Federal Judge Reed O’Connor Rules ObamaCare Unconstitutional, Democrats Vow to Appeal
In a lawsuit led by a conservative coalition of state Attorney Generals, U.S. District Court Judge Reed O’Connor ruled in a surprise decision Friday night that the Affordable Care Act (ACA), better known as ObamaCare, is unconstitutional, threatening a decade-long stint of progress to make health care more affordable for all Americans.
Friday’s announcement came as a surprise to many including those within President Donald Trump’s own administration which had previously asked O’Connor to wait until after the ACA’s open enrollment period had ended, before announcing a final decision. Following the judge’s ruling administration officials and key agencies scrambled to release statements.
Wow, but not surprisingly, ObamaCare was just ruled UNCONSTITUTIONAL by a highly respected judge in Texas. Great news for America!
— Donald J. Trump (@realDonaldTrump) December 15, 2018
The case, which is bound for the Supreme Court and it’s new conservative majority, threatens efforts for future expansion of Medicaid, rescinds penalties for poorly performing hospitals, as well as threatening any efforts by the Trump administration to fulfill its own plans for lowering drug prices. The ruling would nullify reforms already in-progress as well, such as the testing of new models for making it easier to pay Medicare for services rendered, among others.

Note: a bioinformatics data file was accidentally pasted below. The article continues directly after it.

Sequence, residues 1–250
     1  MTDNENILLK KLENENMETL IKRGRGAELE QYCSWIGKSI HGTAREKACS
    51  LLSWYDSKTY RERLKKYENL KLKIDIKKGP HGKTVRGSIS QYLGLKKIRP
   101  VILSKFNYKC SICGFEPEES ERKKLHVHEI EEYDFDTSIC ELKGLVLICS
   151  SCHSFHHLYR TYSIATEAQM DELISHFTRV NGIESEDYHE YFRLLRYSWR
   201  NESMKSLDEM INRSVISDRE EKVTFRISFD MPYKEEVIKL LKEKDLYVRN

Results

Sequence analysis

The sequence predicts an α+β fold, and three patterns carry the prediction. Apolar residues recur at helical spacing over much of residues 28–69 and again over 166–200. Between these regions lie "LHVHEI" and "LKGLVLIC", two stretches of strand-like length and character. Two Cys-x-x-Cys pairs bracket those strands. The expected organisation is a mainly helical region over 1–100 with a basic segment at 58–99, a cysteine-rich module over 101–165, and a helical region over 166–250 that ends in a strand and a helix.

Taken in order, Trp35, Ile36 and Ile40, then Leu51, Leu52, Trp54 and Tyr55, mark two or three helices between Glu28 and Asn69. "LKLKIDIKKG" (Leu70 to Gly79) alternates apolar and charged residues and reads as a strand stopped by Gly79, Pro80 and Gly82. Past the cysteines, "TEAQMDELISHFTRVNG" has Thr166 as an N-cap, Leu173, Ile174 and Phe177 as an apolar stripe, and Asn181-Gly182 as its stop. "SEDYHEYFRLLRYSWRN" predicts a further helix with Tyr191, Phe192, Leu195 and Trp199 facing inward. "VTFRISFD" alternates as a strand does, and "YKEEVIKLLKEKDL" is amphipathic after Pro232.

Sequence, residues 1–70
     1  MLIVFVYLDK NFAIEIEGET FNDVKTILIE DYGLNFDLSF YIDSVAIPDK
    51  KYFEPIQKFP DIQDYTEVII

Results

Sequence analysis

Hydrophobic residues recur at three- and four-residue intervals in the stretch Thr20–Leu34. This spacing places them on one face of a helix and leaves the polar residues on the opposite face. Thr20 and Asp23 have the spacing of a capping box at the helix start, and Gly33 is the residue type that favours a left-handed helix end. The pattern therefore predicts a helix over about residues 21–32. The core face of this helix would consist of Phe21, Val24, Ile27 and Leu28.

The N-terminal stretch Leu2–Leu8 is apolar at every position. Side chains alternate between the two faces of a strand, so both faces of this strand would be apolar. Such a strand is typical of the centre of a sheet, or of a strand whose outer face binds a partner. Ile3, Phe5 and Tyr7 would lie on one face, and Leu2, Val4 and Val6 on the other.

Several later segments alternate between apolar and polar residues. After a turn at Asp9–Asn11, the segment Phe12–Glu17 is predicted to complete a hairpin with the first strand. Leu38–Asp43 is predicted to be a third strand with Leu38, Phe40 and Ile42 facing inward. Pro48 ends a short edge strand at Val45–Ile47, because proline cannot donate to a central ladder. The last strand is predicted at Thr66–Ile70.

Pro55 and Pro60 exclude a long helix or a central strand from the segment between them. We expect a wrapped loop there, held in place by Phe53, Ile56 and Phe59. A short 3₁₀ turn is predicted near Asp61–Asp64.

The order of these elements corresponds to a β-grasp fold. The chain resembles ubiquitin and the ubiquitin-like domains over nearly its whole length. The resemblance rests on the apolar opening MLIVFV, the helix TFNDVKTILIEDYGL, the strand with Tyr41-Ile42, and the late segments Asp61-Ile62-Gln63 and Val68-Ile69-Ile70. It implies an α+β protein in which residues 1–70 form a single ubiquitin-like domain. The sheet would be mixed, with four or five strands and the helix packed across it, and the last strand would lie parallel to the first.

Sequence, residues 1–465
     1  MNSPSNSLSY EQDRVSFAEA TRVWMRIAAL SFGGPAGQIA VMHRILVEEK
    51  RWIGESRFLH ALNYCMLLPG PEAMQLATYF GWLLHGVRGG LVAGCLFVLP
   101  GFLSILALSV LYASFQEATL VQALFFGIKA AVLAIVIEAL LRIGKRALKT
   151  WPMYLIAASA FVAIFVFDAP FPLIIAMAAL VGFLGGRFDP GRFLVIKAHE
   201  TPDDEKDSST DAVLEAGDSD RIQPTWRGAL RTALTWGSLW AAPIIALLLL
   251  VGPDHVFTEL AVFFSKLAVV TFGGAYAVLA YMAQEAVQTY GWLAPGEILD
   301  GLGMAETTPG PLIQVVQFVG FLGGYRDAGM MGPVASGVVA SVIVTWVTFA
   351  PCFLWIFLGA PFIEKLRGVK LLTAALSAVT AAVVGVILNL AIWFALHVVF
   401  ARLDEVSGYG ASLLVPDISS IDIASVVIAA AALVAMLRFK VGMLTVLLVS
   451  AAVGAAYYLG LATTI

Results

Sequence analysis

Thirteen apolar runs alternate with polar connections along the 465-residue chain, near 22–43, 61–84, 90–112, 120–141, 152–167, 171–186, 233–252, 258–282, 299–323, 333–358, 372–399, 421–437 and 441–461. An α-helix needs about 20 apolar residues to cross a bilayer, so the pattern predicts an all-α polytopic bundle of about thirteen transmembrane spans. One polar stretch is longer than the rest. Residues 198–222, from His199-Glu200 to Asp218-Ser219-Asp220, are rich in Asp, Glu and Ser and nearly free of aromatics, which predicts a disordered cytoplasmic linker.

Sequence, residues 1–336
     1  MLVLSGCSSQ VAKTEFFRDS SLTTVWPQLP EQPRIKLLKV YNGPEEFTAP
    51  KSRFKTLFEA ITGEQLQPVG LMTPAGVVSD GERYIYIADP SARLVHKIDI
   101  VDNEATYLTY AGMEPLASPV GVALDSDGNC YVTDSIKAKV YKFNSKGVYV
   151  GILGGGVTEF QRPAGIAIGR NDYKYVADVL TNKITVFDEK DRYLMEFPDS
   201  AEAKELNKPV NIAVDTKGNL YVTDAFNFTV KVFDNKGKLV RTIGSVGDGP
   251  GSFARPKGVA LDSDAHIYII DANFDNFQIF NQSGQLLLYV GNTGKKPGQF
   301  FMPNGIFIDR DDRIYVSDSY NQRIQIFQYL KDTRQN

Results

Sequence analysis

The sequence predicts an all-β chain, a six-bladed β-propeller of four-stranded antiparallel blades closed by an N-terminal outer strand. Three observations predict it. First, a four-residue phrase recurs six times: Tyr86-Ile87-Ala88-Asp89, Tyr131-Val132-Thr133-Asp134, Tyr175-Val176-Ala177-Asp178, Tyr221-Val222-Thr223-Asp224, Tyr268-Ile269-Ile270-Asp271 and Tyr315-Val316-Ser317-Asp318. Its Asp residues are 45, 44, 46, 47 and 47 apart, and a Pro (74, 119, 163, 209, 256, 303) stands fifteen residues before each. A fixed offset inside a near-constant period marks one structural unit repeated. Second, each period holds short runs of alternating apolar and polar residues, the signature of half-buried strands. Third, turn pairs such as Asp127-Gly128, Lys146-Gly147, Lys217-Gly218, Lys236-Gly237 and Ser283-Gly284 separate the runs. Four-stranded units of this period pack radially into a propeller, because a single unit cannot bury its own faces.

Democrats are already gearing up for a fight, though largely symbolic, with House Democratic leaders planning to file a motion to intervene in January when they return to the chamber in the majority.
Aside from legislators, California’s Attorney General Xavier Becerra confirmed he would appeal Friday’s ruling, as well, keeping the law in place while the legal battle plays out, with other Democratic-led states vowing to do the same. It’s not clear how soon they will act.
— Xavier Becerra (@AGBecerra) December 15, 2018
Earlier this year attorneys for the Department of Justice were ordered to abandon all efforts for defending the ACA, prompting the resignation of one of the department’s senior attorneys and another three who chose to remove their names instead, from the official government briefing.
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